by Namini Wijedasa
Never in recent times have relations between the UN secretariat and Colombo been this acrimonious or so unashamedly mishandled over an issue that could have been easily resolved through diplomatic channels.
When Wimal Weerawansa, a minister, recently encouraged the public to lay siege on the UN compound in protest against Ban Ki-moon’s appointment of a special advisory panel, the government quickly maintained that this was not their official position. The UN secretariat took the government’s assurance at face value.
For its Colombo offices, therefore, it was business as usual on Tuesday. The resident coordinator, Neil Buhne — despite being forewarned of a protest that day — was away in Batticaloa. Staff in all UN bodies situated inside the UN compound at Bauddhaloka Mawatha reported to work. This included personnel attached to the resident coordinator’s office, the UNDP, the UNFPA, OCHA, UNAIDS, the UN Drugs and Crimes Office, FAO, UNIC, ILO and UN-HABITAT. On a normal day, there are about 200 employees in the compound. Essential staff comprises about 40 to 50 of that number.
The demonstration started in the morning, with Weerawansa leading the fray. It quickly turned unruly despite police presence. The Reuters news agency reported that Weerawansa used his mobile phone to secure the intervention of Defence Secretary Gotabaya Rajapaksa to prevent police from assisting UN staff.
A local UN officer, who did not wish to be quoted, alleged that police had been “immature” in the way they handled protesters. “They provoked these people,” he said. But it was evident to those present at the location that the demonstrators had come prepared to push the boundaries of good behaviour. They quickly erected a shed opposite the compound. Some climbed on walls while others pushed against the police barriers and grappled with the authorities. A bottle of petrol and a box of matches were also observed. UN employees were inside for at least eight hours before police facilitated their departure amidst hoots and shouts.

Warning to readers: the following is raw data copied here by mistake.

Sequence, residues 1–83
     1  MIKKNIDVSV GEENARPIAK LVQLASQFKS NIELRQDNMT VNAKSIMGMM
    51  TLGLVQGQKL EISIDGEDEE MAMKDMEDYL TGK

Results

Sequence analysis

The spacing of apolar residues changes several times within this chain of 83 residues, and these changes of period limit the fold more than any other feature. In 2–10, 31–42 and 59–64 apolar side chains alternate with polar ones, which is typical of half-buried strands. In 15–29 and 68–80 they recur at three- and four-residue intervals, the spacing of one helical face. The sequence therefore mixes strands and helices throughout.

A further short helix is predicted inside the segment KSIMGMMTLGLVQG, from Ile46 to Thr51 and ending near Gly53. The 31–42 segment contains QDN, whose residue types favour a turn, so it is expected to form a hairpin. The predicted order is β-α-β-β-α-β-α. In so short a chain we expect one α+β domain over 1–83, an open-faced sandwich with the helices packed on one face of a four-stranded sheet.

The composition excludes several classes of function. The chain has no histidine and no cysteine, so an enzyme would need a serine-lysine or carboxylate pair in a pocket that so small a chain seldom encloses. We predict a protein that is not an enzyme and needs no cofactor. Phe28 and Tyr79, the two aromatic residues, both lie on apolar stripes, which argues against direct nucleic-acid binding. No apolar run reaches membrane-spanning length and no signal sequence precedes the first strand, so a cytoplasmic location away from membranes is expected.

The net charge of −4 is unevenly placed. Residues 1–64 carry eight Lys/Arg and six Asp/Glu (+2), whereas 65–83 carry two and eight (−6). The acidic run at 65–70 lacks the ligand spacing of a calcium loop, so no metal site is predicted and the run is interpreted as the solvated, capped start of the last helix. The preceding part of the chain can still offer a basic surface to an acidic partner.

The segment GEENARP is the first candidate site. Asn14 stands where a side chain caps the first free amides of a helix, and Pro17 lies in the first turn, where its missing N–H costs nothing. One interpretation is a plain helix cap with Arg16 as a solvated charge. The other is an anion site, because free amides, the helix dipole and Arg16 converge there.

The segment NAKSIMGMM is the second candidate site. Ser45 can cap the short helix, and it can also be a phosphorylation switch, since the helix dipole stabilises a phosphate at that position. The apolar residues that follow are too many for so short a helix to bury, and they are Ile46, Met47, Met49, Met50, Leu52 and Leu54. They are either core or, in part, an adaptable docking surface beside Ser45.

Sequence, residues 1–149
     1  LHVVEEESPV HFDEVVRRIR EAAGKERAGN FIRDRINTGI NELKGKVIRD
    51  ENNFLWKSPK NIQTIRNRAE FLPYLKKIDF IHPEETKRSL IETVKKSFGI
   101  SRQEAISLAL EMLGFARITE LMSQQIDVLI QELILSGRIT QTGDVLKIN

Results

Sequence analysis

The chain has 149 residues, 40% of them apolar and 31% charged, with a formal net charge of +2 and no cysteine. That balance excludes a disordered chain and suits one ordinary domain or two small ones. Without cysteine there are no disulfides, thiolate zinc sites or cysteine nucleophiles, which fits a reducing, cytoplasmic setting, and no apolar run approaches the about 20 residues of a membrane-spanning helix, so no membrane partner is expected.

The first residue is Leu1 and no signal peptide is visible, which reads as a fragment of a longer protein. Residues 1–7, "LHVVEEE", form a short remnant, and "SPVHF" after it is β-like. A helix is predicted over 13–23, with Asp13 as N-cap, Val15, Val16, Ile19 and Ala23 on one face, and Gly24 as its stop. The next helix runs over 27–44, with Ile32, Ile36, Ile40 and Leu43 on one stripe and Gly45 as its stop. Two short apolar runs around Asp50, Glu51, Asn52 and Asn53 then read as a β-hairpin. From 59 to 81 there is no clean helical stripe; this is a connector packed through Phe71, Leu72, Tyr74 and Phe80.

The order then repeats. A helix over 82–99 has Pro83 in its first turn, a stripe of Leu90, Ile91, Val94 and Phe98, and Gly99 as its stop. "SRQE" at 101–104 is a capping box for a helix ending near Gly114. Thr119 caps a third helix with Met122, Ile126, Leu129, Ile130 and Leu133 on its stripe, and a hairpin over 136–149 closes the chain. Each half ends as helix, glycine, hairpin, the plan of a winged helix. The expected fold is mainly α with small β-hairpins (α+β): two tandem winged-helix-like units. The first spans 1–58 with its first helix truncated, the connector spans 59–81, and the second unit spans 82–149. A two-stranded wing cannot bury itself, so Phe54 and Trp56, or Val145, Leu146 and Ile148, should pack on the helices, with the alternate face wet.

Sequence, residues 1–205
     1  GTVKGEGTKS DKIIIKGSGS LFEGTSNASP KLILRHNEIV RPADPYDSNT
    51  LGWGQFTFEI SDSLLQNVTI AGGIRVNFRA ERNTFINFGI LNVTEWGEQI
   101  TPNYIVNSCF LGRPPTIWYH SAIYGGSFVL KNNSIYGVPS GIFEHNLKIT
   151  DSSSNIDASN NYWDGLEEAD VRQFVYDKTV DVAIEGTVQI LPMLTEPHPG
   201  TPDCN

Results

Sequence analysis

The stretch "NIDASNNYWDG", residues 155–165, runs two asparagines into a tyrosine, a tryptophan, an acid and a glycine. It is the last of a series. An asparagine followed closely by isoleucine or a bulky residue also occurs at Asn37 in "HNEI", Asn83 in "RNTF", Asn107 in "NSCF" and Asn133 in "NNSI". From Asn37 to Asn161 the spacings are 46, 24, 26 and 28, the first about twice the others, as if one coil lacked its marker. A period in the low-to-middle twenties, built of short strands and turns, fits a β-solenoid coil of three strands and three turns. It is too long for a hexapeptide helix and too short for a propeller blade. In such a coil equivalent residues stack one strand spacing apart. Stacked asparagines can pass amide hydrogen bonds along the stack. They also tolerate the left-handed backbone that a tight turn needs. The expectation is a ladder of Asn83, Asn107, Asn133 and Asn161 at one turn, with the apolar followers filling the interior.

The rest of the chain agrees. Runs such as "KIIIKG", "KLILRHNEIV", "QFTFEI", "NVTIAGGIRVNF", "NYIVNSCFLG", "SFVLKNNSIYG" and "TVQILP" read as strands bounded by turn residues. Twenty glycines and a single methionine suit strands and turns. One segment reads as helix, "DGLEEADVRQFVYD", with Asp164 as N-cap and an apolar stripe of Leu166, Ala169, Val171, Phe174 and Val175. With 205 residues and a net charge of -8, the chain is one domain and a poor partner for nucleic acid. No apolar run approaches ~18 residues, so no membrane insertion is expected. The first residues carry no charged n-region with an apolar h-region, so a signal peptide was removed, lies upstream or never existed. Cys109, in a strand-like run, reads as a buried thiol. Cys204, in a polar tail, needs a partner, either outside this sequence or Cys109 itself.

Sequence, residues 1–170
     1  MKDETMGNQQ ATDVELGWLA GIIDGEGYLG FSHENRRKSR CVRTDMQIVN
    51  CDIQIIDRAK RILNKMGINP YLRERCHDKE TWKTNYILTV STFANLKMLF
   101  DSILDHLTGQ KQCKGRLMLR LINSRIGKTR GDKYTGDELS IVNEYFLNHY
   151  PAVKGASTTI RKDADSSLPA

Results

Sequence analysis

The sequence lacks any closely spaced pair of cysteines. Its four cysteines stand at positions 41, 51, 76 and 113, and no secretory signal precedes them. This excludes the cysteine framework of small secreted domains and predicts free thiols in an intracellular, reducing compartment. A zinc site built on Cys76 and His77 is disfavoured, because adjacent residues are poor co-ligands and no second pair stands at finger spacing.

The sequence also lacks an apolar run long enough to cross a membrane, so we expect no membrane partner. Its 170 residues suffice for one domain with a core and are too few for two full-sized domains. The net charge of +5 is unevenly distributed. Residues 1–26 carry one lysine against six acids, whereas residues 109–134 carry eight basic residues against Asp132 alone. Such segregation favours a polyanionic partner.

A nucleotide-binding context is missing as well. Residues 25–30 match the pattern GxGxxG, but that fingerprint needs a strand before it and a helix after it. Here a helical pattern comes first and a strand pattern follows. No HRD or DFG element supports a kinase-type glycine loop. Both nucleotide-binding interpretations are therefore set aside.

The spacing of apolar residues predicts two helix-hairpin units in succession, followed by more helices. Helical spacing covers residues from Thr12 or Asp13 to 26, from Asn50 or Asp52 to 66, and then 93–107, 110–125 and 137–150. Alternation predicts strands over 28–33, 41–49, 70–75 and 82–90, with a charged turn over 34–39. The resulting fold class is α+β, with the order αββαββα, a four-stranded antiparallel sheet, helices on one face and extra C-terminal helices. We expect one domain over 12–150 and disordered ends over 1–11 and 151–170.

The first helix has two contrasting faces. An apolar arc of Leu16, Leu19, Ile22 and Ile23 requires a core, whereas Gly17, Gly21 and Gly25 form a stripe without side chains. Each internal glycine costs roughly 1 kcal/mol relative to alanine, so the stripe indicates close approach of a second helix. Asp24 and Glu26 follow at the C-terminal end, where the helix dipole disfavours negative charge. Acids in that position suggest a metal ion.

The protest reduced in intensity the following day. But although there was no apparent threat of bodily harm to UN personnel, only essential staff reported to work at the UN compound on Wednesday, Thursday and Friday. The protest continued on a lower key while some members of the National Freedom Front embarked on a hunger fast that did not last even as long as the “fast-unto-death” that Weerawansa started on Thursday.
War of statements
While this drama was being played out on the streets, another drama was playing out in the diplomatic arena. It was a war of words — or statements — and it wasn’t pleasant.
Initially, Ban Ki-moon’s bureau in New York defended the Sri Lanka government despite the violent protest on Tuesday. At the noon press briefing at the UN headquarters in New York on Wednesday, Ban Ki-moon’s spokesman Farhan Haq read a statement which said: “We trust that the Government of Sri Lanka will honour the commitments made in ensuring the safety and security of our staff so that they can continue the vital work being carried out by the United Nations each day to help the people of Sri Lanka.”
Haq said the secretariat held a number of high-level meetings with the Sri Lanka government, “trying to get their assurances”. “And as for Mr. Wimal Weerawansa, we notice that he himself said in a press conference that UN staff would be allowed to move in and out of the compound,” Haq continued, optimistically. “And we trust that that assurance will be kept.”
But by the following day, the tone had pointedly changed. Significantly, it was Wimal’s continued participation in the protest — in his capacity as member of the government — that led to more stern action being taken by the UN secretariat.